Monthy Case Studies - 2001
A 29-year-old woman from a rural community in the Southeastern United States was seen at a health clinic for mild abdominal discomfort and weight loss she had been experiencing over the past few months.
A 39-year-old man was seen by his health care provider for fever, chills, and headache he had been experiencing since a camping trip to South Carolina.
A sixteen-year-old teenage boy spent a month in the Amazon basin in Brazil. After returning to the United States, he noticed a small indurated nodule on his forehead.
A 30-year-old woman discovered a worm in her stool. She took the specimen to her doctor, reporting no symptoms or international travel.
A woman submitted a stool specimen as part of her refugee screening.
An adult man from Tacoma, WA developed fever, chills, nausea, arthralgias, and lethargy about two weeks after receiving a blood transfusion.
An adult man passed a segmented worm and submitted it to his local state health department for identification.
A 67-year-old woman visited her health care provider because of a subcutaneous nodule located in the posterior area of her right shoulder.
A biologist at a university in the state of Tennessee made a Giemsa stained smear of urine obtained from a single insect.
A 60-year-old Vietnamese man was referred to a gastroenterologist due to anemia of unknown etiology. The man had no gastrointestinal complaints.
A 26-year-old man from India moved to the United States in January 2001. He went to a hospital emergency room for fever and chills.
A family from Afghanistan immigrated to the United States to live in Missouri. Stool specimens were collected from all family members and submitted to the Missouri State Health Laboratory for an O & P (ova and parasites) examination.
An adult female was diagnosed with malaria. Her travel history included trips to Ghana and Sierra Leone.
A male CDC employee had diarrhea for six weeks before consulting the occupational health clinic. He had traveled to several different African countries a few weeks prior.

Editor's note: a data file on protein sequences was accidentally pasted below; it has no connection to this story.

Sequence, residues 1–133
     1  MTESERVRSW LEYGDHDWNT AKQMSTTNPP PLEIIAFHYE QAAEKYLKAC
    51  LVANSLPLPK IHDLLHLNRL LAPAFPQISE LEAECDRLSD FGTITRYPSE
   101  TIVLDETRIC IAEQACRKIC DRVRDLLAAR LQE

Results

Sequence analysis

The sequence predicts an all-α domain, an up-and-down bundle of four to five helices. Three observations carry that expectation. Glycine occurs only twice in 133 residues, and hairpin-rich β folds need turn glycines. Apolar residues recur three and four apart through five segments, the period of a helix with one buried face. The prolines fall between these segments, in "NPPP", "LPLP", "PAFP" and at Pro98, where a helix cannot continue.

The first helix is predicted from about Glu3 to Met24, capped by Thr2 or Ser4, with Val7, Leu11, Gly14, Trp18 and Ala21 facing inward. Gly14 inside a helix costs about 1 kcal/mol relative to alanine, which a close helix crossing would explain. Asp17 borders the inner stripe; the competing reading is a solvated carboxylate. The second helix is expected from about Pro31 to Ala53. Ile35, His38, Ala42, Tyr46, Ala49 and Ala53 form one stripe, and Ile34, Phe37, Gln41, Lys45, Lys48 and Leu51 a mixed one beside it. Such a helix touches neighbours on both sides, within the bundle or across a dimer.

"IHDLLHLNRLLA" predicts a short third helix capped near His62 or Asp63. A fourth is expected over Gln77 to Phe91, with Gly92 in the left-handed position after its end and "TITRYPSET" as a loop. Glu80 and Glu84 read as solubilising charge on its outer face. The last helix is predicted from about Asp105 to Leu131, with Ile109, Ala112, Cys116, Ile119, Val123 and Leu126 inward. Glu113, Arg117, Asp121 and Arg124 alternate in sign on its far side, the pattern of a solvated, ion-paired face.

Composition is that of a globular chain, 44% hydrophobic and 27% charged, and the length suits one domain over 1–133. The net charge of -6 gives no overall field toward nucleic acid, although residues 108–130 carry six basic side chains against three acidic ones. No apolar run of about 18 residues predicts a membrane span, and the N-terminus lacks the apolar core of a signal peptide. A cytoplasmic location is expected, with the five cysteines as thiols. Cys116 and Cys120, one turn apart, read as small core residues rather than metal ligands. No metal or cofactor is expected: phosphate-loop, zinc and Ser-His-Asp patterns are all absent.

A man in his early 50's had recently camped in the North Georgia mountains. A few days after the trip, he noticed that a small area of his lower back had an itchy sensation.
A 56-year-old man was admitted to a hospital in Arizona. He, his wife, and his sister-in-law had visited Tanzania and Kenya in recent weeks.
Laboratorians in the Division of Parasitic Diseases at CDC examined a stool specimen from an HIV-positive patient.
A 32-year-old woman from Sudan submitted a stool specimen as part of a general physical examination. She was a refugee from Sudan and had been living in a holding camp in the Middle East before relocating to Texas.
A 25-year-old man came to the United States from Ghana in 1997 and later joined the U.S. Army. While in Ghana, the man bathed, swam, did laundry, and drank from the Volta River, which was close to his home.
A 33-year-old man returned to the United States after spending four years in Africa, mostly Kenya, working as an agricultural consultant.
A public health laboratory in the southwestern United States submitted a segmented worm to CDC's reference laboratory for identification.
A state public health laboratory submitted a formalin preserved stool specimen to CDC reference laboratory for diagnosis.
A small group of military cadets conducted survival training in Central America for one week during the summer. They were not given any food or water and were instructed to make use of the resources available in the wilderness.
A 42-year-old landscape architect offered to help his 16-year-old daughter with her science fair project.